FOR IMMEDIATE RELEASE
March 17, 2005
Anne Johnson, Director of Communications, (202) 523-3240, ext. 27
WASHINGTON - The U.S. Commission on International Religious Freedom (USCIRF) expresses deep concern about the impending visit to the United States of State Minister Narendra Modi from the Indian state of Gujarat. Three years ago, after a fire on a train resulted in the death of 58 Hindus, hundreds of Muslims were killed across Gujarat by Hindu mobs. Hundreds of mosques and Muslim-owned businesses and other kinds of infrastructure were looted or destroyed and, in the end, as many as 2,000 Muslims were killed. India's National Human Rights Commission, an official body, as well as numerous domestic and international human rights investigators, found evidence of complicity in the attacks by officials of the Gujarat state government, headed then and still by State Minister Modi.
In the months following the violence, the Modi government in Gujarat was widely accused in India of being reluctant to bring the perpetrators of the killings of Muslims to justice. In response to the alleged failures of the Gujarat government, India's Supreme Court declared in October 2003 that it had "no faith left" in the state's handling of the investigations and instructed the Gujarat state government to appoint new prosecutors to examine the religious violence of 2002. In April 2004, in what was seen as an additional indictment of Modi's Gujarat government, the Supreme Court stepped in once more and ordered a transfer of a trial of perpetrators to a neighboring state.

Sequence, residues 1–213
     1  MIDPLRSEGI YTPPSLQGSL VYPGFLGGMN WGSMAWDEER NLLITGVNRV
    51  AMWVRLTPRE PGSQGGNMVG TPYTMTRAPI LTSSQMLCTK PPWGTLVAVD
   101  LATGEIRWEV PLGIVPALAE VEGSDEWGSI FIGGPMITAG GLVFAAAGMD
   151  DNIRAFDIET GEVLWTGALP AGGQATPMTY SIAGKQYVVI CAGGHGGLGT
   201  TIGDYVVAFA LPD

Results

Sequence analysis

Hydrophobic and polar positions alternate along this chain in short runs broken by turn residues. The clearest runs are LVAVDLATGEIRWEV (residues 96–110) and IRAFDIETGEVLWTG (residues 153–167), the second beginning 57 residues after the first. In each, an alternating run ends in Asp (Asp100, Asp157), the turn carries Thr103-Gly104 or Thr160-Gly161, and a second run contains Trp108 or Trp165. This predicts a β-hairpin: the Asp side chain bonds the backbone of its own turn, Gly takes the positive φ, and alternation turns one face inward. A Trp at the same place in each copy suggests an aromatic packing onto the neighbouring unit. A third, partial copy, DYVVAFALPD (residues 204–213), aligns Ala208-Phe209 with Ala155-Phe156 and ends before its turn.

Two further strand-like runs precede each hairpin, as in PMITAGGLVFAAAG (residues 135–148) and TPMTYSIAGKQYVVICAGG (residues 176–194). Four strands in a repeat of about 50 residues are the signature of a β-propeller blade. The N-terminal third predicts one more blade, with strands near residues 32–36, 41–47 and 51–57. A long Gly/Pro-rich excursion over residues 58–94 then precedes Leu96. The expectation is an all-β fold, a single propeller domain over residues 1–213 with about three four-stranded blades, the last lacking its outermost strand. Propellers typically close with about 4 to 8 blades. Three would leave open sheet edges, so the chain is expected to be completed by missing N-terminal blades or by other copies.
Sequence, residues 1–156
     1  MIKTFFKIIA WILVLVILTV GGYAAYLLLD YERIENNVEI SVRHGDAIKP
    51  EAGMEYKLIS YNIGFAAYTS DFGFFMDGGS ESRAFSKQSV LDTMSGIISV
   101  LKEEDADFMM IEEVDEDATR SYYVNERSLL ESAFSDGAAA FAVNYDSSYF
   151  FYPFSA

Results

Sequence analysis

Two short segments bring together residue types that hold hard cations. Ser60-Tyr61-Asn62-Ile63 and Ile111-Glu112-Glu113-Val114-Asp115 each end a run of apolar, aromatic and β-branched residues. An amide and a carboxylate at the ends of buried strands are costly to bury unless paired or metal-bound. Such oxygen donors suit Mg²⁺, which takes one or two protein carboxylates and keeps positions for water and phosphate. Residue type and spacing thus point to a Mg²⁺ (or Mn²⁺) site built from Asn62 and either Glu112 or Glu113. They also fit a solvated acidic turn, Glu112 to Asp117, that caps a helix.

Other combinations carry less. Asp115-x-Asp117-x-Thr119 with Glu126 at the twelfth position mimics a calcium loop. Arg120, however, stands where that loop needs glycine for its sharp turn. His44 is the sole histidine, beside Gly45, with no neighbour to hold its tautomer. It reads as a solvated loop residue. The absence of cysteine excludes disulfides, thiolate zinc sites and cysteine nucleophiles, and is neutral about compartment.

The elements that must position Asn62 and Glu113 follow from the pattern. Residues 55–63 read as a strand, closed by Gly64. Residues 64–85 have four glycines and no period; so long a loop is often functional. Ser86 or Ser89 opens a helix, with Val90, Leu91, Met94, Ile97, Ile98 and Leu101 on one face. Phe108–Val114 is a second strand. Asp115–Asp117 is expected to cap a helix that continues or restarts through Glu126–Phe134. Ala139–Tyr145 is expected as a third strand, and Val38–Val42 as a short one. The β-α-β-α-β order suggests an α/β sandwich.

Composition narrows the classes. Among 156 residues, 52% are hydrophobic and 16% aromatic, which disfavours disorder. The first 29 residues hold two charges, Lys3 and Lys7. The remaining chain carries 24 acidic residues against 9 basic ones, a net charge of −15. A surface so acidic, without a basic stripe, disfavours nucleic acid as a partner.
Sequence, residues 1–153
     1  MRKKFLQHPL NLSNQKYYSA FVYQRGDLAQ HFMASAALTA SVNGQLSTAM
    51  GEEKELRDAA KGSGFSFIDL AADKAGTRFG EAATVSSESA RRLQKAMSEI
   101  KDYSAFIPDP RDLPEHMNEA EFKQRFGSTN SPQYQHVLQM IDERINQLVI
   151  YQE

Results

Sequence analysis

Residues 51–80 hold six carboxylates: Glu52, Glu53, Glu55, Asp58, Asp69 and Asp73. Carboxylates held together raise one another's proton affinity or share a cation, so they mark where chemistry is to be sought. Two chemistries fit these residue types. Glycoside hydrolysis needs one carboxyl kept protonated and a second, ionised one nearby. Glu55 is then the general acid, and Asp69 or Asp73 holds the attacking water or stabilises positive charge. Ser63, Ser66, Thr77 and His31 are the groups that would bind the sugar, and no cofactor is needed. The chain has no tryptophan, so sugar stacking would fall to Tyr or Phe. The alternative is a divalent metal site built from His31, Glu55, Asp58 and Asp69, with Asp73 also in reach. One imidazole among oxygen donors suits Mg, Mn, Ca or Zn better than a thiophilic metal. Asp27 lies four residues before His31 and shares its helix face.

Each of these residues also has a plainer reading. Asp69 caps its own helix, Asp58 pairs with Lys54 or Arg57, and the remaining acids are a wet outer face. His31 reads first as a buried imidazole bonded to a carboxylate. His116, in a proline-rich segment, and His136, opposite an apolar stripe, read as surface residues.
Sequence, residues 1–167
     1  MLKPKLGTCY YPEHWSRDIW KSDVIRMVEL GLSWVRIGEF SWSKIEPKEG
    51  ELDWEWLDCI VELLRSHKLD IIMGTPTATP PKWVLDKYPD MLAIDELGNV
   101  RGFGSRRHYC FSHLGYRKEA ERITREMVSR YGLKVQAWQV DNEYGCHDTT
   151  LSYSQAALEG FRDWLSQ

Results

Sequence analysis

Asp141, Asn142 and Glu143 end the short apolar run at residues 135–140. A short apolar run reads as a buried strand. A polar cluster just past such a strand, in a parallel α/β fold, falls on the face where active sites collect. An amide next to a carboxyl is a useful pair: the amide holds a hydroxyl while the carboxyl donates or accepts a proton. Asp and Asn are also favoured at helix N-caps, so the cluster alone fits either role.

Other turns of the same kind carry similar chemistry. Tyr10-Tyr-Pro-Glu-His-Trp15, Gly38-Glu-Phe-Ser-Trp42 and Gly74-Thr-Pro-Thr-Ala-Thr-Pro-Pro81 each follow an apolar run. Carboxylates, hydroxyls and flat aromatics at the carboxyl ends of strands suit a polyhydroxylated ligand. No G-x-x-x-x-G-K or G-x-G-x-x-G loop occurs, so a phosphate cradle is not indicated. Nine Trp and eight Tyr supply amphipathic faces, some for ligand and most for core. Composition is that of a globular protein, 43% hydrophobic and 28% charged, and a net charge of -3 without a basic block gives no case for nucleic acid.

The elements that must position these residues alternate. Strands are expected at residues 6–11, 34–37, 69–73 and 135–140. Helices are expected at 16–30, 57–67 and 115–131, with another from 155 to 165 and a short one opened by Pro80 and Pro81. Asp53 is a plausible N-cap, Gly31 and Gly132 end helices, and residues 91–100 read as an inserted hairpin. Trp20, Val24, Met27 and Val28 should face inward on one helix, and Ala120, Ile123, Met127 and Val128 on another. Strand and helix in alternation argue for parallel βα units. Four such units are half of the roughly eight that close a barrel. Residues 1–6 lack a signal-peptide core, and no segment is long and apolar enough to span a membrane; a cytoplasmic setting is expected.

"At a time when the newly elected Indian government and courts have initiated a number of actions to address the tragic Gujarat massacres in which Gujarat state officials were found by India's own investigative bodies to be complicit, the Commission has been concerned that Modi's private visit will only serve inappropriately to give a platform in the United States to someone who has been implicated in grave violations of religious freedom," said USCIRF Chair Preeta D. Bansal.
"The Commission communicated with the State Department about the matter some time ago. We urge the Department to act with appropriate Indian officials to forestall or prevent the planned visit," Bansal said.
The U.S. Commission on International Religious Freedom was created by the International Religious Freedom Act of 1998 to monitor the status of freedom of thought, conscience, and religion or belief abroad, as defined in the Universal Declaration of Human Rights and related international instruments, and to give independent policy recommendations to the President, the Secretary of State and the Congress.
Preeta D. Bansal,Chair